Exterior Painting 101

Hiring a professional painter to paint the exterior of your home is not always a budget-friendly option. At some point, however, it will need to be repainted. Undertaking this task can be time-consuming and difficult without the proper information. You do not need to have exterior painting experience. Keep the following tips in mind.

Tools and Supplies

The proper tools and supplies are important. They affect how the paint is applied and how the final result looks. Generally, you will need brushes, rollers, roller covers, a scraper, and sandpaper. Painter’s tape and plastic drop cloths may be needed.

With the brushes and roller covers, the ones you choose should fit the type of paint you will be working with. Latex paints will be applied much easier with a synthetic brush, while oil-based paints do better with natural bristles. It is also a good idea to utilize a clean five-gallon bucket and roller screen. Choose a larger nine-inch roller size for larger areas and a smaller seven-inch for narrow areas.

Proper Preparation

One of the biggest mistakes people make when painting the outside of their home starts at the very beginning before the paint is even applied. Preparing the surface properly ensures that the paint adheres completely.

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Chalking, mold, and mildew spots should be removed and the outside of the home should be washed completely and allowed to dry. Any areas that have bubbled chipped, or peeling paint should be scraped.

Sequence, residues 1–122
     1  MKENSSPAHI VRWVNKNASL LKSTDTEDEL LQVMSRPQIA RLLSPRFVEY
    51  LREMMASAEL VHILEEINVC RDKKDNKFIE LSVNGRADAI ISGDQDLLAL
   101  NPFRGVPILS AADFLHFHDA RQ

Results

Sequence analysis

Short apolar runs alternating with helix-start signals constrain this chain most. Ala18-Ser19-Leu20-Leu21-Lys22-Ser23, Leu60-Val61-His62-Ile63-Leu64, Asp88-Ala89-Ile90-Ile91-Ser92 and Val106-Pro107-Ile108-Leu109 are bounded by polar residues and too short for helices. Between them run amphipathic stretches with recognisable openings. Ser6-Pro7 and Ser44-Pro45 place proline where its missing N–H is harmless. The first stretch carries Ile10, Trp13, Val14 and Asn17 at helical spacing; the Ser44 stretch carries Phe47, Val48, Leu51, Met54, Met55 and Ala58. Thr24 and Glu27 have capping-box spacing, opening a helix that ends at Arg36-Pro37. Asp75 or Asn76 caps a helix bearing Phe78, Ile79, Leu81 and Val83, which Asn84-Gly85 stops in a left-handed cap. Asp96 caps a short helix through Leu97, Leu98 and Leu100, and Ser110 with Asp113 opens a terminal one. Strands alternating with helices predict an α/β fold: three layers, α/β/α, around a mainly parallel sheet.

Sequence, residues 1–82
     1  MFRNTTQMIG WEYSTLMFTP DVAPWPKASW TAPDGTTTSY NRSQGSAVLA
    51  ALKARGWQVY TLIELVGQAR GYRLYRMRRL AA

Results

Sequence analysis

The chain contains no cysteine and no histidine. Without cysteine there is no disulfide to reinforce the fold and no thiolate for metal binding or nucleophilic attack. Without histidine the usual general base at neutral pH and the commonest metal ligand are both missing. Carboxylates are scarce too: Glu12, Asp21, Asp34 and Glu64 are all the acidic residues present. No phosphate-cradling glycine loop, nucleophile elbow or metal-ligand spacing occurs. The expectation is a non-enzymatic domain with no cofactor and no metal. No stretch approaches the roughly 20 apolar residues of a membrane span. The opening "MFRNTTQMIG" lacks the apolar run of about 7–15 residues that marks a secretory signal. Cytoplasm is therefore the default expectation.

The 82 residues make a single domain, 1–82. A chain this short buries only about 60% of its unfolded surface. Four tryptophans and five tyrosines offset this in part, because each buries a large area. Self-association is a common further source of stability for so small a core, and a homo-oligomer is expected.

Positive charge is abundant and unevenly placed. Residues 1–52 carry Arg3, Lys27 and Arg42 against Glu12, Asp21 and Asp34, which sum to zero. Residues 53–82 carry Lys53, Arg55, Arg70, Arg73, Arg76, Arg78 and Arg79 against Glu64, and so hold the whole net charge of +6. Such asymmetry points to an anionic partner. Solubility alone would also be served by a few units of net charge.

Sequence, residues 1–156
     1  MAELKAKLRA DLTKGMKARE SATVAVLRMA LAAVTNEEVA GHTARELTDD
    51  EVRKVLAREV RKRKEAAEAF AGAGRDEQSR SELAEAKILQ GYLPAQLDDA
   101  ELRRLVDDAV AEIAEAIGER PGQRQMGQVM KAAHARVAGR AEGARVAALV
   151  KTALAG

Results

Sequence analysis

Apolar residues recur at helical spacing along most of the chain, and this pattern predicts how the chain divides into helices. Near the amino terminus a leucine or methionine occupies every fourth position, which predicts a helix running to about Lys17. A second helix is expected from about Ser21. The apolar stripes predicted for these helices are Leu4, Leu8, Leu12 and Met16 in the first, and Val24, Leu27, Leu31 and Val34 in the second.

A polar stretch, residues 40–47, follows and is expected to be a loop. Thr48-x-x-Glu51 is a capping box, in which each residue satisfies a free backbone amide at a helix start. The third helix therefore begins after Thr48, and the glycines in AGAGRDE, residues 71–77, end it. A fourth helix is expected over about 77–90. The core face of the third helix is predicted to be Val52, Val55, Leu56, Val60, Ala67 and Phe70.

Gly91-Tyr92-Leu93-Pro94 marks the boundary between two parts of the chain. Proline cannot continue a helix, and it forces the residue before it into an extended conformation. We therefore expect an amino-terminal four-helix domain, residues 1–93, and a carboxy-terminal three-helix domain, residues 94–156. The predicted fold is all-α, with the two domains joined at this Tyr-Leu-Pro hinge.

The spots should be sanded and a primer needs to be applied. If the existing paint is semi-gloss or gloss, it should be lightly sanded as well. Paint has trouble adhering to slick or glossy surfaces.

Weather Conditions and Sunlight

The climate will have a crucial role in the application of the paint, as well as the drying time. Choose a day with temperatures between 60 and 80 degrees. Cloudy days can work to your advantage, but if it rains the whole project can be ruined and you will likely have to start all over.

When painting, start in an area that is shaded, and follow the shade as the sunlight moves. Direct sunlight can cause the paint to dry too fast and lead to bubbling or cracking. Humidity levels should be lower as well. High humidity can cause peeling.

Limit the Work Area

When you begin painting, work from the top to the bottom. Limit the sizes of your sections to about four or five feet at a time. You will need to maintain a wet edge so that you can overlap and avoid lines or streaks. Paint all the large areas first and then do all the cutwork. Instead of trying to apply thicker coats, apply multiple thin coats for the best results. Be sure to allow time for each coat to dry completely before you add another.

Many people put off painting the exterior of their home until it looks awful and it cannot be ignored anymore. There is often less work involved if you get the task done earlier, when the existing paint begins to show signs of damage. Although you may find that you need a substantial amount of paint and supplies, it is often less costly to do it yourself than to hire someone to do it.

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